This is not a cranky older guy post, whining about the way things used to be, but merely an observation about how the digital revolution has affected a behavior that was long taken for granted. I am referring, specifically to the habit of browsing bookshelves and record collections when visiting a home for the first time.
For me, this was a time-honored activity because, in moments when I might be left alone in the appropriate room, or during a party seek refuge from din, I would drift to bookshelves or record (later CD) racks to peruse the archive, as it were. Visiting a new friend, it would help me to quickly understand what more we might have in common; on an early date, it might provide fodder for conversation during a forthcoming lull. Even the manner in which the materials were kept was a indicator; as a compulsive alphabetizer, a jumbled collection might give me pause; my books are still divided between fiction and non-fiction and my CDs are broken down, by rock, jazz, classical, comedy and cast recordings.
Long before we talked of online curation, one’s music or literary collections were a snapshot of a person just ripe for the examining. In The New York Times, Verlyn Klinkenborg has likened a book collection to being a personal reminder of one’s literary pursuits and achievements. I instead see them as somewhat more external, hunting trophies for the cultural adventurer, displays of prowess for others to marvel at. True, they’re hardly foolproof record. There was an era when nearly every self-respecting bookshelf held Stephen Hawking’s A Brief History of Time, but I’ve never actually had a conversation with anyone who’s read it; it was the equivalent of buying a stag’s head in an antique shop rather than tracking wildlife through the Rockies (not that I’m advocating anyone running out to kill animals for display).
Mind you, the digital shift has been an enormous boon to many. One no longer need enter someone’s home to check out their interests; the cavalcade of Facebook likes means you can surf the interests, if not ownership, of people you may have just met – or don’t yet know – allowing you to prejudge if you wish. Trying that option with me online will prove vastly less fulfilling than a bookshelf crawl in my apartment; I tend to “like” very little on Facebook so that my news feed won’t be overrun with ads and “you may also like” suggestions. I’m not intentionally shielding my digital footprint or my enthusiasms from others, but only trying to limit marketer access to the degree that’s still possible.
The iPod and the Kindle (and their competitors) are responsible for stymieing this wholly acceptable form of social and cultural snooping. If you’re spotted gazing at a bookshelf, no one would think anything of it, and might even evince a certain amount of pride, while if you were to suddenly activate their tablet while they’re off getting you a drink, they might not be so sanguine. The digital survey, even if deemed acceptable, is also not so rewarding as to do so physically; there are no book flaps and author bios to read easily, or album art or liner notes to study. To be sure, the digital devices allow us access to our collections constantly, thanks to portability and now even cloud storage, but it has hidden our interests from view, cutting off a line of communication.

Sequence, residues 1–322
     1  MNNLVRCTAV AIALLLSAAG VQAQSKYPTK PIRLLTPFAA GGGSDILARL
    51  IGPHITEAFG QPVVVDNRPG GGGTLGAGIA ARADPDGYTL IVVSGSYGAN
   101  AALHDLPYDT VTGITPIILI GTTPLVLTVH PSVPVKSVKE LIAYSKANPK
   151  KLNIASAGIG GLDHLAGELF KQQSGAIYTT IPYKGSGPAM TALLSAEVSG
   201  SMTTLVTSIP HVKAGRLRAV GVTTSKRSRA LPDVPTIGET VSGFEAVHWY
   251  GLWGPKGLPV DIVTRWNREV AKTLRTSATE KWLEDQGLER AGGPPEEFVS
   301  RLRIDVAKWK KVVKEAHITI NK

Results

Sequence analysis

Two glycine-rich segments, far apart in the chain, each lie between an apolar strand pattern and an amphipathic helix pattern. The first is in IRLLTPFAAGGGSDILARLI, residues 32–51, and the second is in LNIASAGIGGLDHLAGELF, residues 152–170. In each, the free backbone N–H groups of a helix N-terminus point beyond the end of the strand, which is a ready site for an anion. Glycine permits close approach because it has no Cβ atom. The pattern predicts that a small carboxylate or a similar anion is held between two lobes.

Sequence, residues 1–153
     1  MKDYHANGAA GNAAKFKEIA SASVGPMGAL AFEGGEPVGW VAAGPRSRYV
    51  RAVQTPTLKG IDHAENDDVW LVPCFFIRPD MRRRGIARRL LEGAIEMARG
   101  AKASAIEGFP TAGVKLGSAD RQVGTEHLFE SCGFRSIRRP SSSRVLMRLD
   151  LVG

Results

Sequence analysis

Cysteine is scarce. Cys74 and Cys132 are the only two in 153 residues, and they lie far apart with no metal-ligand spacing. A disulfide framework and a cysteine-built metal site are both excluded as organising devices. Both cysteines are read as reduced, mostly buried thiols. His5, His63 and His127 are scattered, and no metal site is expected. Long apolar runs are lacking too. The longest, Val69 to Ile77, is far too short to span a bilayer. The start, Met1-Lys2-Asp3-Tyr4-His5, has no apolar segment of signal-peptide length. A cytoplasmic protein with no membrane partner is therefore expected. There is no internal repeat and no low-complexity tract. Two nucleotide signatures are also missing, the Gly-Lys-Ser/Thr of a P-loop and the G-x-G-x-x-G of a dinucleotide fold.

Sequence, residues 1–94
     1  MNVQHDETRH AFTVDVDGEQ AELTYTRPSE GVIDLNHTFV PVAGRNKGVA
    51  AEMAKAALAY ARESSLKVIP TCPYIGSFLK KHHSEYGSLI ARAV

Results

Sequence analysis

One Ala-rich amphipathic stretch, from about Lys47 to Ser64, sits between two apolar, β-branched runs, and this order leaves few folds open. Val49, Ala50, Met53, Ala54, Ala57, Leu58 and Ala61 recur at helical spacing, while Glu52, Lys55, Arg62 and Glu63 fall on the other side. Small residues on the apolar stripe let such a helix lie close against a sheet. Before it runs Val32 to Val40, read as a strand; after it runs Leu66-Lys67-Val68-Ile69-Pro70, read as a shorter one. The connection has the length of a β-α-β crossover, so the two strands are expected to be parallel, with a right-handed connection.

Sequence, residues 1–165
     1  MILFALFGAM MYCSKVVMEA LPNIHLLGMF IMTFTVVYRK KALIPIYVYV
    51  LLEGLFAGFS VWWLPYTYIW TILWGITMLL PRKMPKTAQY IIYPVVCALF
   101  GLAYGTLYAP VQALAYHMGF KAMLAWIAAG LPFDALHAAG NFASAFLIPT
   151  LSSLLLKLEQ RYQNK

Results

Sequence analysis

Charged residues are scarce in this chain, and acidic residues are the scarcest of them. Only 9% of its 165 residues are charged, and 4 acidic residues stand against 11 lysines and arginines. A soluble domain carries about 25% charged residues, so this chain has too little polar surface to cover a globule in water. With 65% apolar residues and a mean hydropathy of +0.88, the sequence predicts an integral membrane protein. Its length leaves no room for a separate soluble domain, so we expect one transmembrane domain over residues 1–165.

Of course, as an avid theatergoer, that aspect of my interests has always been less accessible. There are only so many Playbills and programs one can artfully array on a coffee table before it comes clutter, and theatre programs don’t have spines with the names of shows visible if stored on shelves. Part of my CD collection is misleading, because I often acquire cast recordings for reference, not necessarily personal enthusiasm; I have musicals on disc that I have never listened to, but they’re right at hand should the subject come up.
I am a creature of habit, and my attachment to the physical is deeply ingrained. I suppose on a vacation I might download a stray mystery to the Kindle rather than carry a book (hardcover is my preference, in almost all cases, with the attendant weight burden). The stray pop tune may warrant an iTunes impulse buy, rather than an album purchase, and the same holds true for some obscure material that is no longer in print but remains downloadable. But as someone who still dreams of a room in my home called the library, with comfortable reading chairs, a great sound system and walls filled with books, I can’t let go of my prizes, which even after periodic culls, have traveled from home to home with me, not least being my copies of published plays, in weathered paperback, some of which date back to my teen years.
It wouldn’t be cost effective for me to rebuy my books in digital form, even if it would free up precious apartment space; I could convert all of my recordings to digital, but I’d need a bigger iDevice. Doing either would deprive me of a portion of my trophies (the limited edition 5-CD Elvis Costello live set; the signed, numbered first edition of Vonnegut’s Slapstick) and of the display of my cultural plumage. I’m just not prepared to give that up. And like the owner of a home “under water,” I’ve invested a lot in this ephemera, only to find its physical value eroded by the march of technology, so it wouldn’t be close to an even trade if I opted to upgrade. I am, at this point, rooted in my outdated pursuits, even if I ever choose not to be.
Mind you, I’m told that some people also like to check out bathroom medicine cabinets when they visit a home; that’s a line I’ve never been compelled to cross. But for aficionados of that level of intrusion, it’ll have to remain a physical pursuit, unless Facebook starts letting people “like” pharmaceuticals, which I hope never comes to pass.